The latest round of talks about the dispute between Iceland, the Faroe Islands, Norway and the EU representing Scotland's interests over agreed national quotas for the catching of mackerel collapsed in March and it looks unlikely that the sides will come to an agreement, said Ian Gatt chief executive of the Scottish Pelagic Fishermen's Association (SPFA).
The Faroe Islands and Iceland believe that global warming has driven mackerel fishing grounds further northwest into their territorial waters and, as a result, they deserve a higher percentage of the annual catch, said the Faroese government in a statement.
But the SPFA contests there is no scientific evidence behind this claim, even though the Faroese refer to research by the Faroe Marine Research Institute and marine research institutes in Norway and Iceland, that supports it.
Scotland and Norway argue that sustainable management of fisheries has helped to increase the number of mackerel resulting in an expansion in mackerel territory a situation that would be reversed by allowing higher annual quotas, said Gatt.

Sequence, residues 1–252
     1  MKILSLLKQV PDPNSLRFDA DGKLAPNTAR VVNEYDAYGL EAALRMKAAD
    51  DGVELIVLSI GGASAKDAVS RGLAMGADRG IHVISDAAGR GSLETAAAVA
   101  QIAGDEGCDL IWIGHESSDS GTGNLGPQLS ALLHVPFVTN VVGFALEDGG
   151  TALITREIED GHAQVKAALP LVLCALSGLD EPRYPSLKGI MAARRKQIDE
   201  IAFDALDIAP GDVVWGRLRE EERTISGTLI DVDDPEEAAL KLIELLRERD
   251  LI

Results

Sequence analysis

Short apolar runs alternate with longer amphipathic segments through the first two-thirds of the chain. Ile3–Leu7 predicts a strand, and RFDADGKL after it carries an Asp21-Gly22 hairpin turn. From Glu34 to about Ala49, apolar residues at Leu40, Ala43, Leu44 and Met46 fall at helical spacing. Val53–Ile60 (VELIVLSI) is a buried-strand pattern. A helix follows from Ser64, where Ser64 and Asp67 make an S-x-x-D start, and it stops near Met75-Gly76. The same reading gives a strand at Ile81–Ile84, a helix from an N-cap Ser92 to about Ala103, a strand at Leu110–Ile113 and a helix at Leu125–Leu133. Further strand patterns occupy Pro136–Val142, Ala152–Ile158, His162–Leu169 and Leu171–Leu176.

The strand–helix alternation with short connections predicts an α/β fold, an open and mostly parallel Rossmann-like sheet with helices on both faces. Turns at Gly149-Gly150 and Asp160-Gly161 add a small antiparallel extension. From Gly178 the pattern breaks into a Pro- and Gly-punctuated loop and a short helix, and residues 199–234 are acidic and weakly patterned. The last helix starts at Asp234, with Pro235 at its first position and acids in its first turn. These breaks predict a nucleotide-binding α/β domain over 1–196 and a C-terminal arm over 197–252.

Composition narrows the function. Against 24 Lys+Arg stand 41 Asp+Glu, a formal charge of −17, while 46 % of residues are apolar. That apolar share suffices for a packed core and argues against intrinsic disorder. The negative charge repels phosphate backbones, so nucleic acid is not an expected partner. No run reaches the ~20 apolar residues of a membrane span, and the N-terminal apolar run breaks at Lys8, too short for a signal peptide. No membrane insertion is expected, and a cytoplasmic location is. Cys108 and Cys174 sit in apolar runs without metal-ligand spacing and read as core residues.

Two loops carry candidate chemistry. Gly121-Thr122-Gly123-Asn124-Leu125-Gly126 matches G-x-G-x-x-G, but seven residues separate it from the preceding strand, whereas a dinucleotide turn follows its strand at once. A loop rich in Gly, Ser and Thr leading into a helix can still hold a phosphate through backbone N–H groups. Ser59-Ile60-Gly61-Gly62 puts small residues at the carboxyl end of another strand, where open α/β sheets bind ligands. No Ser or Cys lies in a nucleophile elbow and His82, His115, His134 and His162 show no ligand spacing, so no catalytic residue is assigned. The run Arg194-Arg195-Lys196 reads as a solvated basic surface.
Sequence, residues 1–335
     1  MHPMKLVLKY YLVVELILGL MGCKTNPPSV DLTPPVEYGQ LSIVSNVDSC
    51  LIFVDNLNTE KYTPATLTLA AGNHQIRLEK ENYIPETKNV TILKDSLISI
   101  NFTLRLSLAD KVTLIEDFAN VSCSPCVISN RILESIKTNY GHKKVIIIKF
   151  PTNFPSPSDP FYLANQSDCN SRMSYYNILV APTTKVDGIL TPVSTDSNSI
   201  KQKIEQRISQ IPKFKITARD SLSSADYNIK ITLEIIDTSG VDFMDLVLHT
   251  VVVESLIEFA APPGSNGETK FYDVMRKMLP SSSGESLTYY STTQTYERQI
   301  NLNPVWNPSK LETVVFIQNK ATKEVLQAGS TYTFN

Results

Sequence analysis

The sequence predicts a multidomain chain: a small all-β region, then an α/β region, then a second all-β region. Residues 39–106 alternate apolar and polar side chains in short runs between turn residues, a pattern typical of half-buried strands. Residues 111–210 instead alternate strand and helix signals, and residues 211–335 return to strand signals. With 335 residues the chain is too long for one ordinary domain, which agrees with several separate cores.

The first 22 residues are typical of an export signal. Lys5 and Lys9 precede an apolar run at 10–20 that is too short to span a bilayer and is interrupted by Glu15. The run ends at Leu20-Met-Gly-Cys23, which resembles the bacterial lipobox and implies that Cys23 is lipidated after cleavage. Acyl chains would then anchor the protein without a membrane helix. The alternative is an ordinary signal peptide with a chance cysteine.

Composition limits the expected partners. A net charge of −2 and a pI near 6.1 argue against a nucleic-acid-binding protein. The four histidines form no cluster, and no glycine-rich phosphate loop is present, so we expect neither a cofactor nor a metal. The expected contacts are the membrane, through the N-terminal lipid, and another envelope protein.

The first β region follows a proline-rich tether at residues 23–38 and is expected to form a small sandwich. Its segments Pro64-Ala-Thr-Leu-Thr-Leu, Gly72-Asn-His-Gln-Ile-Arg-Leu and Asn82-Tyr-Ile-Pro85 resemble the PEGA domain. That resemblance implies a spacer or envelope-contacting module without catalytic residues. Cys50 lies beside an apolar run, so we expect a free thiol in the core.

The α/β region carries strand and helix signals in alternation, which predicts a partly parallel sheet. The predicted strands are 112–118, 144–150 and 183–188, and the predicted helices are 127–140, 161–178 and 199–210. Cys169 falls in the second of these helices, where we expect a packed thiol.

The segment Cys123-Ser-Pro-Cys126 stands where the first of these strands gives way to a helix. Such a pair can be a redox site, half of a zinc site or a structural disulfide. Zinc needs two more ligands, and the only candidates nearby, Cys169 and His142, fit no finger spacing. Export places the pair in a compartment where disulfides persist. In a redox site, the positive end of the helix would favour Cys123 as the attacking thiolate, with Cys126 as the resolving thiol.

EU intervention against Iceland and the Faroe Islands in the form of trade sanctions, closed ports and adding vessels to illegal, unreported and unregulated fishing blacklists is likely, warned Gatt. He said Iceland's EU application would not go through until a solution was reached.
The UK has committed to using the Royal Navy to police lines of demarcation and could seek stricter unspecified measures to protect fisheries, he added an approach the Faroe Islands said was "extremely disappointing" and counterproductive to finding a fair solution to mackerel management.
Iceland and the Faroe Islands have unilaterally raised quotas to unsustainable levels, claimed the Marine Stewardship Council (MSC), as previously reported by foodmanufacture.co.uk. This action could jeopardise mackerel's MSC sustainability certification.
Scottish directorate Marine Scotland has successfully challenged a Faroese application for MSC accreditation for its fisheries, said a spokesman.